A BLOG DEDICATED TO PROFESSIONALS WHO WANT TO WRITE BOOKS

Tool Obsessed

In my book-writing workshops, I offer many tips about the process of producing a winning manuscript. But more often than not, the questions people most want answered are those about tools: Beyond a word processor, what software do you use to keep track of your research? What do you use to brainstorm ideas? And what [...]

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Three’s the charm

The world’s best authors often make comments that suggest that rewriting is more important than writing. Hemingway’s classic line was this: “The first draft of anything is shit.” He said he rewrote the ending to A Farewell to Arms “39 times before I was satisfied.” I believe this kind of thinking inspires quotes of lesser-known [...]

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Your crappy best

A computer designer in Tracy Kidder’s venerable Pulitzer-Prize winning book, The Soul of a New Machine, was fond of saying, “Not everything worth doing is worth doing well.” He was talking about product development, and he was on track to produce a commercial megabit in computer technology. But that notion of doing less than your [...]

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How many words?

How long should your book be? I write a lot of management and business books, so I recently posed that question to a number of business editors. The result? Nobody quite agreed. I thought the editors would say 50,000 to 60,000 words, or 200 to 250 typed pages. I figured they would want shorter manuscripts [...]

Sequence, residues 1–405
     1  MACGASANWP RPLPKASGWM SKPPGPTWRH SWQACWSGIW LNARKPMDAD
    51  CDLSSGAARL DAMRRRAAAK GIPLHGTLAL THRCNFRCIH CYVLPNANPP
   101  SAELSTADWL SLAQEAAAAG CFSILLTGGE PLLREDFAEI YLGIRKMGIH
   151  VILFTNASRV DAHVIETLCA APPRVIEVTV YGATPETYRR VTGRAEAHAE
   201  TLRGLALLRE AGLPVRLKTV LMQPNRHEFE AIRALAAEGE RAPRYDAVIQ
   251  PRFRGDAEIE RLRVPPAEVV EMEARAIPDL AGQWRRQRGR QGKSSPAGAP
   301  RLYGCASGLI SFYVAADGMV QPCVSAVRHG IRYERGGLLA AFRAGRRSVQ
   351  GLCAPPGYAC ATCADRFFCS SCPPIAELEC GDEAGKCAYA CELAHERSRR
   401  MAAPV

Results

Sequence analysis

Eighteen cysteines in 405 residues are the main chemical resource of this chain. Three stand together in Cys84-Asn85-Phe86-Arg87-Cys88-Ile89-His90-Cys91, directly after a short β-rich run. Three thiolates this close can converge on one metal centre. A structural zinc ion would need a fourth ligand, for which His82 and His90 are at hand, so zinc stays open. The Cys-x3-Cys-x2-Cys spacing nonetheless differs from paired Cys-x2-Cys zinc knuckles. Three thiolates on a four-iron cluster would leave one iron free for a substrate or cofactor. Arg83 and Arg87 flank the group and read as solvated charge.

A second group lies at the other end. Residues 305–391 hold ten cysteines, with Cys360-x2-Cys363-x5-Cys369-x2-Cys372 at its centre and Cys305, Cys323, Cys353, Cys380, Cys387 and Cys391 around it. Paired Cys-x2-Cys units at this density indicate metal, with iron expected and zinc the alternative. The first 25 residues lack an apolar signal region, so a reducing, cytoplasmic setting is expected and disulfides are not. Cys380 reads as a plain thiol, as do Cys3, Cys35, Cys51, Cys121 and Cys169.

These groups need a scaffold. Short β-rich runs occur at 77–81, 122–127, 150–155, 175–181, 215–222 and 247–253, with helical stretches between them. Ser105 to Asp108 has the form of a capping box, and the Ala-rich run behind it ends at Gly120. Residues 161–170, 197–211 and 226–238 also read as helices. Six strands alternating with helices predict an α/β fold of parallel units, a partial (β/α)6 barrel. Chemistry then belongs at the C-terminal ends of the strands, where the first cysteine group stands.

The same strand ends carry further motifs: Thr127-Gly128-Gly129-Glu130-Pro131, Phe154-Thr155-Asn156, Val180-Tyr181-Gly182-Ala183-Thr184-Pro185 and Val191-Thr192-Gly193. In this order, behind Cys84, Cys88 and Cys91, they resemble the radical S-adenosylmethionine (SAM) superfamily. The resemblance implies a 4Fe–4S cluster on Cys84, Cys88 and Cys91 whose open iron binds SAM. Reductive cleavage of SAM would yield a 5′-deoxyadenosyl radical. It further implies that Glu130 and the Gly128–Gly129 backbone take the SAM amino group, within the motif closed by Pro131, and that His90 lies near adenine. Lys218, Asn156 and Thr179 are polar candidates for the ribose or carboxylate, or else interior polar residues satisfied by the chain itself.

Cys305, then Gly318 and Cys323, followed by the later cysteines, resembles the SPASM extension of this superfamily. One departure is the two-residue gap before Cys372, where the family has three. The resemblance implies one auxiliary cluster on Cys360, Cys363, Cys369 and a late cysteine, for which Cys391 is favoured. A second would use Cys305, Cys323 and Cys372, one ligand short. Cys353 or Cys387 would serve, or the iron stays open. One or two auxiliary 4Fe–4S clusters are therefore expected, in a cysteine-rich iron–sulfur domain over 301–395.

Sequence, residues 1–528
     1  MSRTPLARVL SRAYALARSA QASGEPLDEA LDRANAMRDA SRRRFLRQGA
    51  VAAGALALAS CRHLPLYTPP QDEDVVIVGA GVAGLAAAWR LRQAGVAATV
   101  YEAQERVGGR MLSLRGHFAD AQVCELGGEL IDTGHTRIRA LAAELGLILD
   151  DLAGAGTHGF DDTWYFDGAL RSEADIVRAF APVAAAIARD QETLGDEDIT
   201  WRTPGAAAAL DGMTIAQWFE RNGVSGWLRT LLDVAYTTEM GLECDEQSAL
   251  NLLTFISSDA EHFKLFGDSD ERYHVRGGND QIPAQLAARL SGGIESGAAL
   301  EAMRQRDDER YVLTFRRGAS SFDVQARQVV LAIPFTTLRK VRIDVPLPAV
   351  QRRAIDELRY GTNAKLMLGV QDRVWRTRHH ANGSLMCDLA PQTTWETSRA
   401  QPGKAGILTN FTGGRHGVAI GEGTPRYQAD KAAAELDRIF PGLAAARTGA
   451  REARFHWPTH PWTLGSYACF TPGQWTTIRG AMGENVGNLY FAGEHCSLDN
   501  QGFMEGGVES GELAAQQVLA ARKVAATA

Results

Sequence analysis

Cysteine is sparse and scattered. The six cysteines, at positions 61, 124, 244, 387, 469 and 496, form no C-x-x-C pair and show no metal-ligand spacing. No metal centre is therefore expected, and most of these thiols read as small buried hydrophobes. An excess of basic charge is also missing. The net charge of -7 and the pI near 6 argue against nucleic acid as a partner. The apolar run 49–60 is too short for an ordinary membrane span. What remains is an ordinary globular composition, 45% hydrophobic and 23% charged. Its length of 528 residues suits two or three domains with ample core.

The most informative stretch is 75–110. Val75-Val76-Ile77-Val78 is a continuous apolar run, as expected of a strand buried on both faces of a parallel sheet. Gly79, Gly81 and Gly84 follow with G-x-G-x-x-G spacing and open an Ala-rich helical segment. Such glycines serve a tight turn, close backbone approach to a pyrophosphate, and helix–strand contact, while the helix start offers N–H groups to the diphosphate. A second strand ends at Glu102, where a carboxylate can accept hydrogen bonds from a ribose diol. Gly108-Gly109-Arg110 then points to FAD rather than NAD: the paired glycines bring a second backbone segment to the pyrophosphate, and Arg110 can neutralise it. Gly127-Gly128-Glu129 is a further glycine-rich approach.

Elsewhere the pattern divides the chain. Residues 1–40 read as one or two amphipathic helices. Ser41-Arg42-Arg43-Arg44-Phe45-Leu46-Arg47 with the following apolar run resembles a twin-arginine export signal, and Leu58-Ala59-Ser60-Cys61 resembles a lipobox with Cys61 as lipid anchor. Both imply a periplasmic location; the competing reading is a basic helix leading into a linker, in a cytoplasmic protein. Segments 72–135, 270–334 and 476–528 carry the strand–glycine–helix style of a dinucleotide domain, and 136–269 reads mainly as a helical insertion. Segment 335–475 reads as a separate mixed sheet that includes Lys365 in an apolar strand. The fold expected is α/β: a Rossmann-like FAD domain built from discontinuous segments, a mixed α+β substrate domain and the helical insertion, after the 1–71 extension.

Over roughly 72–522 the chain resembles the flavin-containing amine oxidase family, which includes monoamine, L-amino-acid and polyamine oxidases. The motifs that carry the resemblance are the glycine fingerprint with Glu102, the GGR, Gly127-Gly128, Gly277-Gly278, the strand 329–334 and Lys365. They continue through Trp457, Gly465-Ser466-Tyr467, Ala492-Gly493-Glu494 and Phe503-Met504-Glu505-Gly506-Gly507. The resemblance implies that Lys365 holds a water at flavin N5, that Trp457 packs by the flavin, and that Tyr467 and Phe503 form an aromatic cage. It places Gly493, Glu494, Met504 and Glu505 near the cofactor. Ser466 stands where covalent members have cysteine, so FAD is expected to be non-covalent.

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To self-publish…or not

Self-publishing gets a lot of good press these days. It’s faster, easier, cheaper, more profitable, a better deal—choose your superlative. But depending on your goals, the decision to choose self-publishing is far from a no-brainer. I’ve done both, so here’s my two cents for professionals writing books: Seriously consider self-publishing if— You’re a celebrity with [...]

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Metaphor for life

In his essay, “Politics and the English Language,” George Orwell had some famous words of advice: “A scrupulous writer, in every sentence that he writes, will ask himself at least four questions, thus: 1. What am I trying to say? 2. What words will express it? 3. What image or idiom will make it clearer? [...]

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Quadruple your time budget?

Authors can learn a lot from Daniel Kahneman’s book, Thinking, Fast and Slow. A psychologist and Nobel-prize winner, Kahneman points to flaws in human thinking. One of them is the “planning fallacy.” In simple terms, the fallacy is this: Most things take a lot longer to finish than we think, because we don’t think rationally. [...]

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The unconscious elephant

“When the thinking isn’t done, the writing can’t begin.” That, in effect, is my motto when I get stuck writing. If I can’t push ahead in composing the next paragraph, I figure I haven’t formed a complete thought. Or at least a thought worthy of publication. My mind simply has to do more work. But [...]

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Find your fascinations

If you’ve started on a book manuscript and gotten to the point of feeling “lost in the forest,” you should try an exercise suggested by John Butman. John, whose work I lauded in my last post, recently published Breaking Out: How to Build Influence in a World of Competing Ideas. His exercise is called “fascinations.” [...]

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Speaking for the reader

What so often makes a book resonate with readers is the expression of a universal thought. Maybe a book is ostensibly about how people can better train dogs, but it meanwhile expresses plenty of wisdom about people training themselves. I was reminded of this while reading a colleague’s new book, Breaking Out: How to Build [...]

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